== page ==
SDG 16: Lack of Justice in Malawi

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For the past 3 years, I have been advocating for Sustainable Development Goals, a journey that I have tried to document and share with all those of you that read my blog. I have advocated for SDG 16, which emphasizes on the need for Peace, Justice and Good Governance. This time around, I figured to use this platform to share my knowledge with you. So as a first, I wanted to start with Justice, or the lack of it in Malawi.

The Malawian justice system is one of the many flawed institutions we have. It has so many holes which will take time to patch. Like most justice systems in Africa, our justice system has a way of smiling at the rich while absconding the poor. But before I break that down, let me share with you some of the issues that exist in the system.

A few of them are:

  • Corruption: this is infested in a lot of our institutions actually. Have money, and it could be possible to buy off a lot of crimes than you know it.
  • Lack of adequate personnel: if you were to visit a prison right now, you will find many that are being kept there and yet their cases have not been presented to the court and a formal ruling done. Why? Because most times, there are lack of judges in the court rooms, and the ones that are available have way too much on their plate.
  • Politics: this is so unfortunate that most times, cases or people will not get any justice due to how politicized the case is. And most times, due to corruption, the ones responsible for delivering justice fail to.
  • Legal fees: these are high and do not do well with the lower class citizens. The charge of most lawyers per hour can not equate to the vast majority’s monthly earnings. Then there is the Legal Aid Bureau which is overworked.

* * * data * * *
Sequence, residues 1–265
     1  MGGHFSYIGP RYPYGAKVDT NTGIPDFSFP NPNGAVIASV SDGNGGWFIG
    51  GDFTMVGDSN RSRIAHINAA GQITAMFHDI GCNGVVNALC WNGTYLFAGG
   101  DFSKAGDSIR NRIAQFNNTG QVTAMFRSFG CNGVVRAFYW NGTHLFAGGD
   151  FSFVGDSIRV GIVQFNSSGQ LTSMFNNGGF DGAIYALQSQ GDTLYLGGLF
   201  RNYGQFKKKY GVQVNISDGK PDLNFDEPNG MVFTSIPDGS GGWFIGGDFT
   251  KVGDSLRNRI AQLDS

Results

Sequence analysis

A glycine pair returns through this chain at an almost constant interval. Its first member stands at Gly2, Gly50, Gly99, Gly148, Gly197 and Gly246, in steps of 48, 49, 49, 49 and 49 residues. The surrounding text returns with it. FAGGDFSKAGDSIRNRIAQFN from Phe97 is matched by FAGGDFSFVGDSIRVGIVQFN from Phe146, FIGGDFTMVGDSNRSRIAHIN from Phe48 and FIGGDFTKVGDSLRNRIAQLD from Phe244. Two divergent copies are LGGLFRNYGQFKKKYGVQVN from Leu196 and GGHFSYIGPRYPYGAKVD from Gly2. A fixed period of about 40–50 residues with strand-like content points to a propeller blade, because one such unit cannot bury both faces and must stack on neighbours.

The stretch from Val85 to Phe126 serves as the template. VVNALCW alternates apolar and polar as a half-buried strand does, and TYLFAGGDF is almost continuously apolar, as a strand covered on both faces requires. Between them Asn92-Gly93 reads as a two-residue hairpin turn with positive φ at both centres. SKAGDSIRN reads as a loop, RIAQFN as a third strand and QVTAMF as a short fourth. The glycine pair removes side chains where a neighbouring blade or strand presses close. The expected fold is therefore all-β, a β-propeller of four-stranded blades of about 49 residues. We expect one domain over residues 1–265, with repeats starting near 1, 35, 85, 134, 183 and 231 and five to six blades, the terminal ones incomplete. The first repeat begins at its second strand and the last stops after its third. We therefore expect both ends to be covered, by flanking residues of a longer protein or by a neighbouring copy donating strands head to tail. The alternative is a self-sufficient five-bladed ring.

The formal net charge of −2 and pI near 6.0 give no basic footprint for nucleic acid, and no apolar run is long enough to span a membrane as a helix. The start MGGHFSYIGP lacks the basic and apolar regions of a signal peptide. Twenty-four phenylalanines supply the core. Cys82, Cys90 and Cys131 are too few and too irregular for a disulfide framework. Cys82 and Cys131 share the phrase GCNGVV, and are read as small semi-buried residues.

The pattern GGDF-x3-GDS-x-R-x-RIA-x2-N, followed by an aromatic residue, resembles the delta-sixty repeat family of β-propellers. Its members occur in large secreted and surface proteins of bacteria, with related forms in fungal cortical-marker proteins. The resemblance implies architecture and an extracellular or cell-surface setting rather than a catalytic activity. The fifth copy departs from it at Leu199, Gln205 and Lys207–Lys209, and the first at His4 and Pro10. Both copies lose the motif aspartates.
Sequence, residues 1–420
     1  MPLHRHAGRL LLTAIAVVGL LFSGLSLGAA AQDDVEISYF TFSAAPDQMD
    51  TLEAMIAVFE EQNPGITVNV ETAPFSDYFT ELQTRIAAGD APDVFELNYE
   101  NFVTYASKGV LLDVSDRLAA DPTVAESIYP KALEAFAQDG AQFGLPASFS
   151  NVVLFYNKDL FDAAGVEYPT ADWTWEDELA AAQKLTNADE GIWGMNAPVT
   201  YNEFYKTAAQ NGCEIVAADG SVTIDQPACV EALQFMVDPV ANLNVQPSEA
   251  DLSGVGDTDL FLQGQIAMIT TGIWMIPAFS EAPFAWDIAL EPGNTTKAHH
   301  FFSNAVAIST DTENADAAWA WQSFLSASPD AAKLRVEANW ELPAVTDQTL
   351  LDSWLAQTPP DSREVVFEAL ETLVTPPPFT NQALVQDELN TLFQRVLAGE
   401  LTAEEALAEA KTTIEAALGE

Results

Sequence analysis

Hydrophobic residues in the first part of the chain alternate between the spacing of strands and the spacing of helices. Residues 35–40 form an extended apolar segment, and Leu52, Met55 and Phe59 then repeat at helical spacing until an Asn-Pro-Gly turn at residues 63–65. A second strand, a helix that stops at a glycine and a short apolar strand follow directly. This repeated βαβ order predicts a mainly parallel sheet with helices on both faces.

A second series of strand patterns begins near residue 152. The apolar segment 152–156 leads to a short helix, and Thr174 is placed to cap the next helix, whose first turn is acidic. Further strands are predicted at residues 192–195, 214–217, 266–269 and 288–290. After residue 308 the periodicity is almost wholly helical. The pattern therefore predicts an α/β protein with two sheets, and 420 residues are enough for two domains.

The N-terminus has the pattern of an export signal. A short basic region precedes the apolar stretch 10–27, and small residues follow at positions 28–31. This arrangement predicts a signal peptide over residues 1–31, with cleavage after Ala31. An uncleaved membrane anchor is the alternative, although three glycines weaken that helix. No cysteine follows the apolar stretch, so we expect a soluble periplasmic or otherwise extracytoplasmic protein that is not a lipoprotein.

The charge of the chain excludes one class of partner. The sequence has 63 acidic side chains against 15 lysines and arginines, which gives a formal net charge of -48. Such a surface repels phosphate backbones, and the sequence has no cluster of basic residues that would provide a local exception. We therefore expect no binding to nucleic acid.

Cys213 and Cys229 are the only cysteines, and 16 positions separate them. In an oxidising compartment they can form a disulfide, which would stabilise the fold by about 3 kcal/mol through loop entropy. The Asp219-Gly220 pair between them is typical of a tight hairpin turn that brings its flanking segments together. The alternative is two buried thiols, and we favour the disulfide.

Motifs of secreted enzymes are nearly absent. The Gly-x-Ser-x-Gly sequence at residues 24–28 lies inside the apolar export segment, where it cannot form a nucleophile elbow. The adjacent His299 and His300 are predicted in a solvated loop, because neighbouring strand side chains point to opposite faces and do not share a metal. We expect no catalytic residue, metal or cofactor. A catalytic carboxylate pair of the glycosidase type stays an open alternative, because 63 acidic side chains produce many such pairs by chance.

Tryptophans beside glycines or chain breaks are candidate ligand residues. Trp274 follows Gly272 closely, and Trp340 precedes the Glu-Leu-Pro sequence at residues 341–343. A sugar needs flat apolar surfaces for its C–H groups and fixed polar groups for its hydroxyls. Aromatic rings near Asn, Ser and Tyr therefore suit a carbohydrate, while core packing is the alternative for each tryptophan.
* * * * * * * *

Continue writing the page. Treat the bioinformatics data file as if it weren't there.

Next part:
I could list down so many issues, but I’m quite sure you get the point.

Now, going back to justice being for the rich, look back at the mentioned issues and think hard as to which of those a rich man would find problematic compared to a poor man? When a high profile person is arrested, how long does it take for them to be granted bail compared to an average man?

With such issues at hand, a lot of people have lost trust in the justice system in the country. That is why when robbers are caught; the first thing people in the area will think of is burning them with tyres instead of getting them arrested.

The problem is, lack of a functioning justice system means lack of development which is contrary to the SDG 16 framework and targets. How does a country progress when its citizens have no trust in the institutions that govern them? This is a discussion for another day.

Remember, comments on the issue are highly encouraged, just drop them in the comment box below. And if you’re not Malawian, I would like to also hear the huddles in the justice system in your country, so do not be shy to share them.

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